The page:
Monga One’s DIY noodle menu is also a highlight. They took inspiration from 1950s Hong Kong, a time that saw a unique aspect of Hong Kong cuisine emerge. Tangent explains, “People started building their own carts with gas stoves underneath and they would push it into an alley, find a spot and start selling noodles. Their cart would have lots of options for people to build their own combination.”
The Monga One team took this convenient, flexible and tailor-made type of cooking and applied the idea to a build-your-own noodle menu.
The massive menu offers soup bases, meats, seafood, vegetables and more – all to be hand-picked by the customer to create their dream noodle dish.
Tangent says that some people just pick one or two elements to combine but occasionally, they get someone ordering a super-noodle with up to 15 custom components.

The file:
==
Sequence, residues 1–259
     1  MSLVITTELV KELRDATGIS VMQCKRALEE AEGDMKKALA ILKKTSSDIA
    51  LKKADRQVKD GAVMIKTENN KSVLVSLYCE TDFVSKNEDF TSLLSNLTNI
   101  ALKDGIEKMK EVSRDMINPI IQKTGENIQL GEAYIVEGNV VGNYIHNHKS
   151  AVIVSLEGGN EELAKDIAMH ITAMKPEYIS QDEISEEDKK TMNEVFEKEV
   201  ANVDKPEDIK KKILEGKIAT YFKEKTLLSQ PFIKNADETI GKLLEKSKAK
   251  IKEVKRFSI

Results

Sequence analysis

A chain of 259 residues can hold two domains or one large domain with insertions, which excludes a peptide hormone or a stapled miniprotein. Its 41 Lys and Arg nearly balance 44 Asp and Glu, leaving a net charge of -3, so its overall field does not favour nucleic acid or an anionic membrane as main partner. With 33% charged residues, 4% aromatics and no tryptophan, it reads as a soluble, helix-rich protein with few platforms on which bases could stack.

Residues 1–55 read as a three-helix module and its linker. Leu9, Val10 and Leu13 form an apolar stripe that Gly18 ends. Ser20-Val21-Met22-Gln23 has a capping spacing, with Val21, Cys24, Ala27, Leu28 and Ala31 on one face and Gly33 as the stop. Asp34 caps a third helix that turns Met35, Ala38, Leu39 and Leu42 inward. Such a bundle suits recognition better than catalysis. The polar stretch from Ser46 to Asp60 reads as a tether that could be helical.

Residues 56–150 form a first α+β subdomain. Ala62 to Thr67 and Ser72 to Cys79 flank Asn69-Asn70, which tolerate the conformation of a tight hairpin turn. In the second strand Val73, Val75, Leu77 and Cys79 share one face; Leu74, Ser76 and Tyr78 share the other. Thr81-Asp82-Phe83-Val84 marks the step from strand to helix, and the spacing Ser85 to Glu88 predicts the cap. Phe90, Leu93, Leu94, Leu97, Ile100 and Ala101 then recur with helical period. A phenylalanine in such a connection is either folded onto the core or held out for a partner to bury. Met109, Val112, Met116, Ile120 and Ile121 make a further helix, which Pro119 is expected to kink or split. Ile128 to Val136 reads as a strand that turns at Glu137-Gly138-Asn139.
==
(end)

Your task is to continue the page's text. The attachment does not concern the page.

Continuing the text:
Monga One is open from 5pm-2am, so the vibe goes through phases. From 5-10pm, it’s all about dinners; hot pots and piles of noodles stream past and groups chat as they tuck into their dinner. By 11pm, things calm down.
Customers come in for dessert or work their way through Tsingtao beers as they play popular table games like Hong Kong chess and dice.
Monga One also has ‘Ladies Night’ each night at 9am for all Female Hot Pot Customers and other daily special promotions as well.
The spirit of Hong Kong is everywhere at Monga One. All you have to do is head up a secret stairwell to feel a whole lot closer to that special city across the sea.
1/217 Russell St, Melbourne VIC 3000 | (03) 9654 4885
OPEN Mon – Sun 5pm – 2am